A European Union delegation that is visiting Thailand to weigh its progress in battling illegal and unregulated fishing will not make a decision this week on whether to ban Thai seafood products, the government in Bangkok said on Tuesday (19 January).
Thailand, the world’s third-largest exporter of seafood, faces the risk of the ban after the European Union gave it a ‘yellow card’ in April 2015 for failing to clamp down on problems in its fishing industry.
An EU dialogue mission to assess progress is set for Thursday and Friday (21-22 January), but a technical team has already arrived, the government said.
The team is monitoring Thailand’s progress after it set up a centre last year to combat illegal fishing, said Vice Admiral Jumpol Lumpiganon, a spokesman for the Royal Thai Navy.
“Once they are satisfied they will go back and make a decision,” he said, adding that there was no timeframe for the decision. The technical team would conduct random checks until the rest of the EU officials arrived on Wednesday (20 January), he said.
Last week, the government said Thailand had completed “70 percent of the task” set out by the EU, after having registered most of its fishing vessels and caught groups suspected of human trafficking in the fishing sector.
Deputy Prime Minister Prawit Wongsuwan said Thailand had introduced new laws to avert an EU ban.
“There has been huge progress, because we have solved many problems in terms of the law, and its application,” he told reporters. “Whether they are satisfied or not we will have to see, we’ve done our utmost.”
The EU declined comment, citing the confidential nature of meetings between its officials and Thai authorities. But previously an EU spokeswoman has told EURACTIV that, “Meetings with and visits to third countries are always of technical nature. They are also part of a wider process that seeks to clarify the situation and to engage in a dialogue with the relevant authorities.
“After the mission, the Commission will assess the next steps. The current state of play remains: After issuing Thailand with a yellow card warning in April 2015, the Commission continues its cooperation with Thai authorities. The Commission has regular contacts with Thailand, including technical missions to review situation. The yellow card warning remains in place.
Thailand is the world’s third-largest fish exporter, and in 2014 its exports of fish to the EU stood at 3 billion dollars, according to the Thai Frozen Foods Association.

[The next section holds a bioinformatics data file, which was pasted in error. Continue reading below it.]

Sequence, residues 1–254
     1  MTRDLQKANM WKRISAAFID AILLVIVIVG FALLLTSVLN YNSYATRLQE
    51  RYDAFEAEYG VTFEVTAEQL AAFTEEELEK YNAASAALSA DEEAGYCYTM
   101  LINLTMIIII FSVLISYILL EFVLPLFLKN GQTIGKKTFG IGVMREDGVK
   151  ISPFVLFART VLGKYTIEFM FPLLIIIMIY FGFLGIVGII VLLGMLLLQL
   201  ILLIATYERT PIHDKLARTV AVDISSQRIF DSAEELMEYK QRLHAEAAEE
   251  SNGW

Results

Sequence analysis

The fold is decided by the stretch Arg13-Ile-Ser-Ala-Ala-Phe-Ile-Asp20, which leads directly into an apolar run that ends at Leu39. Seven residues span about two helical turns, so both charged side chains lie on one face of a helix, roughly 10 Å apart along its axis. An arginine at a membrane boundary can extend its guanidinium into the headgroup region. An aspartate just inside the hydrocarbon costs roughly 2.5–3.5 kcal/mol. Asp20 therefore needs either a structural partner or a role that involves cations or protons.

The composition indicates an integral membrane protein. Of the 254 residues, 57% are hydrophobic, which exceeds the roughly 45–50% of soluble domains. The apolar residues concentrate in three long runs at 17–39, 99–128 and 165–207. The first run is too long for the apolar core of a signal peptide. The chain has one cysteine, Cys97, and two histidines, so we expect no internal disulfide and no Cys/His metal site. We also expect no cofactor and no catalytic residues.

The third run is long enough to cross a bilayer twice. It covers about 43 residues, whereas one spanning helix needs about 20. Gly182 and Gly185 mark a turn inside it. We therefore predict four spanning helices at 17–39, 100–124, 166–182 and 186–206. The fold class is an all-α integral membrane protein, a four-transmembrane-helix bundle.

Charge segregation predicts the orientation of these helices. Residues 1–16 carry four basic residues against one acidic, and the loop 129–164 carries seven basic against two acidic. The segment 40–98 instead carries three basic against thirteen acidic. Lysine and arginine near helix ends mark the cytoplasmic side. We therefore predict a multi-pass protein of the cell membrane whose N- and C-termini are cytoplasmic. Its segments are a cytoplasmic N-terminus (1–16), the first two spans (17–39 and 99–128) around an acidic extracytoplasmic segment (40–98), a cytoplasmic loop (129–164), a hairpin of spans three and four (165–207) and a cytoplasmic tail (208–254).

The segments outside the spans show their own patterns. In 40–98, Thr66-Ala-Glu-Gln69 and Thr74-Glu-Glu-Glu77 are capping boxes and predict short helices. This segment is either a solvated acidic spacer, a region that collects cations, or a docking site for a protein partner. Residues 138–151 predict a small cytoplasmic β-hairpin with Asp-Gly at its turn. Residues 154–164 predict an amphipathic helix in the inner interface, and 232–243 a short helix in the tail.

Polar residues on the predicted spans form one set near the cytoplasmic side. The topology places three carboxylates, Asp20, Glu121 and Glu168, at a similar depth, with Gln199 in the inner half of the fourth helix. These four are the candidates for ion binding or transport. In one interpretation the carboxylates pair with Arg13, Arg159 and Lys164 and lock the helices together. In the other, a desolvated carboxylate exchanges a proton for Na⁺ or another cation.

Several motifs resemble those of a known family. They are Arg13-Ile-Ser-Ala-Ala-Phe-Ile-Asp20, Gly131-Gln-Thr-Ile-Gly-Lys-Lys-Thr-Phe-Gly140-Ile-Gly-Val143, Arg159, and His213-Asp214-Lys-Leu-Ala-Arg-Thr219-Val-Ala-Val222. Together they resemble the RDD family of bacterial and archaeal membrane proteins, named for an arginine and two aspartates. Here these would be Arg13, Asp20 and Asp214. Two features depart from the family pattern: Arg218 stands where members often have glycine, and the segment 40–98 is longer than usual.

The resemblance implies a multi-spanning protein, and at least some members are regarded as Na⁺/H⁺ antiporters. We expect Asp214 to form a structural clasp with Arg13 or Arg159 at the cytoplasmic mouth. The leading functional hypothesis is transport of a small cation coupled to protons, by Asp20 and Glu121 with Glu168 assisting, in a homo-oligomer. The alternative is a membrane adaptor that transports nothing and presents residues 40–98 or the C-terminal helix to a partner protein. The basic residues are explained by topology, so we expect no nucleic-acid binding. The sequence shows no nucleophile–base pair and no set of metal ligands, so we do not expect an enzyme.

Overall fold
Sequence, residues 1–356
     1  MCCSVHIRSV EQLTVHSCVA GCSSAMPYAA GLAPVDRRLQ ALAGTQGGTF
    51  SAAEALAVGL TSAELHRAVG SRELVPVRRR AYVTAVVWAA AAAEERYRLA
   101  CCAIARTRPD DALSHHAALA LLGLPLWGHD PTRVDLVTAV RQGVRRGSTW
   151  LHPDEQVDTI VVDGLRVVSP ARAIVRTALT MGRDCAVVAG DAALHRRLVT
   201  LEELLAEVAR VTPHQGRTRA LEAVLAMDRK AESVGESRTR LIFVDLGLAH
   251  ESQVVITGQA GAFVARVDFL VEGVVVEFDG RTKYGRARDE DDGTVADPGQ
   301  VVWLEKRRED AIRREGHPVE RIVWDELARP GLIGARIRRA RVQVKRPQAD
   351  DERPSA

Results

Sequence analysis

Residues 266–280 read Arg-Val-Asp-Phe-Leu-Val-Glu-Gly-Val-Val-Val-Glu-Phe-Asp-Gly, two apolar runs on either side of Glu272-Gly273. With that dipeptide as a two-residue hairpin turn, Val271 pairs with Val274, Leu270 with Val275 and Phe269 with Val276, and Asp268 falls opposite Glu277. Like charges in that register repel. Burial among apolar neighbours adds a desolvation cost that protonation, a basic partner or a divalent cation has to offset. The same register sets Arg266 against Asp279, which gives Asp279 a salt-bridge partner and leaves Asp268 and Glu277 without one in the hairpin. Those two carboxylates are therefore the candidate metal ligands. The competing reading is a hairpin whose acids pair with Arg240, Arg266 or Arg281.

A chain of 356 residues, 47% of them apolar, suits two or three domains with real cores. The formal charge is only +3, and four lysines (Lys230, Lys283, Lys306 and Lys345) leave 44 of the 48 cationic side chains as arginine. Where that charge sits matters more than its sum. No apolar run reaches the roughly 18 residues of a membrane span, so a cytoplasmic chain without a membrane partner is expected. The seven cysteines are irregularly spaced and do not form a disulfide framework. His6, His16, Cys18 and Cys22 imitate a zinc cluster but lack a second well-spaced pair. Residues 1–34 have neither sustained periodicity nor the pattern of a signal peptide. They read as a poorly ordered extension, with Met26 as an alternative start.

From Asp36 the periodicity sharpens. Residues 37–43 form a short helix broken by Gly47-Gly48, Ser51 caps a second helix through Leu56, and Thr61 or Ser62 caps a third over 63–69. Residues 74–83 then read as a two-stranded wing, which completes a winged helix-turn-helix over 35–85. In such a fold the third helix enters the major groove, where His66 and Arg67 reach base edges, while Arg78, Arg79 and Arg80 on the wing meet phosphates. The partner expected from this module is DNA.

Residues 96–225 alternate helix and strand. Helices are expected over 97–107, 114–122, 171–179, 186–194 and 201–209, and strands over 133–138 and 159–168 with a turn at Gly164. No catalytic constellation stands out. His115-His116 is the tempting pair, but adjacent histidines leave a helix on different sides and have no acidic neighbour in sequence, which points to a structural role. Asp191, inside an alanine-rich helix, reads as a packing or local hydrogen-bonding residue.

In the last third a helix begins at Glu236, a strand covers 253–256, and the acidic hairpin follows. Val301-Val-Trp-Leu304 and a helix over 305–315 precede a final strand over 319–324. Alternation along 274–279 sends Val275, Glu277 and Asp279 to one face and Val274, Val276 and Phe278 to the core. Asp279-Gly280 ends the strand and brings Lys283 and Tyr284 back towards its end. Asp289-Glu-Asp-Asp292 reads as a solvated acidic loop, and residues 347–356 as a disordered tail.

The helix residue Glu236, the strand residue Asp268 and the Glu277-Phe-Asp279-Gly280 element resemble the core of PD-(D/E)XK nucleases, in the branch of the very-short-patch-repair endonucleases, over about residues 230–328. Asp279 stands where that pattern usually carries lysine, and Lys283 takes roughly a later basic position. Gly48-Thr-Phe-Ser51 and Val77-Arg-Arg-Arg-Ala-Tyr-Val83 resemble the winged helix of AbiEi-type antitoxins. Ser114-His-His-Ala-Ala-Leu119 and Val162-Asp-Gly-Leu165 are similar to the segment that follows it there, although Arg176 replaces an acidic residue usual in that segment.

The military regime – which took power in a military coup in May 2014 – is facing a possible total EU import ban for repeated floughting of the Illegal, Unregulated and Unreported (IUU) rules imposed by Brussels.
In his New Year’s address, the country’s military leader, General Prayut Chan-ocha, had pledged a string of last-minute reforms to avoid a crippling blow to one of the country’s key export industries.
Prayut conceded that his country “must admit the faults that have existed for a long time, ” and he went on to demand weekly progress reports delivered to himself personally, and to step up checks on licences and focus more on research and development.
He said, “We especially need to focus on sustainable development in the fishing industry as well as prevent and tackle illegal, unreported, and unregulated fishing (IUU).
“All documents concerning imports and exports of seafood products will be thoroughly scanned as well as other documents such as fishing licenses.
“These documents will also need to be verified. We will emphasize on R&D, marine resources assessment, and marine resources management.”
The junta is currently under a ‘yellow card’ from Brussels – meaning its progress on fighting abuses of fish stocks and supplies is under review. The decision on a ‘red card’ which would ban all Thai fish imports, is expected soon.
Four other countries – Cambodia, Guinea, Belize and Sri Lanka – have been handed out ‘red cards’ implanting EU import bans. Belize was later downgraded.
Comoros and Taiwan have recently been put on the ‘yellow card’ notification, whilst Ghana and Papua New Guinea were taken off it.
A ‘red card’, threatening the billions of income to one of Thailand’s biggest export industries, would gravely damage the standing of the military regime, which is attempting to write a new constitution, in a lengthy process which it promises will see a return to democracy some point in 2017.
Thailand, which was in advanced negotiations to sign a Free Trade Agreement with the EU, has been warned that such an FTA will not be signed whilst the junta is in power, under Trade Commissioner Cecilia Malmström’s new 2015 ‘Trade for All’ policy of having labour and resource abuses taken into account.
EURACTIV revealed in November that such an FTA would “never” be passed by the European Parliament, due to the regime’s perceived treatment of labour rights, resource management and attacks on the media.
General Prayuth Chan-ocha and the Thai military deposed the democratically-elected government of Yingluck Shinawatra in May 2014.
The government has promised a lengthy process of constitution-drafting before any return to elections in 2017 at the earliest.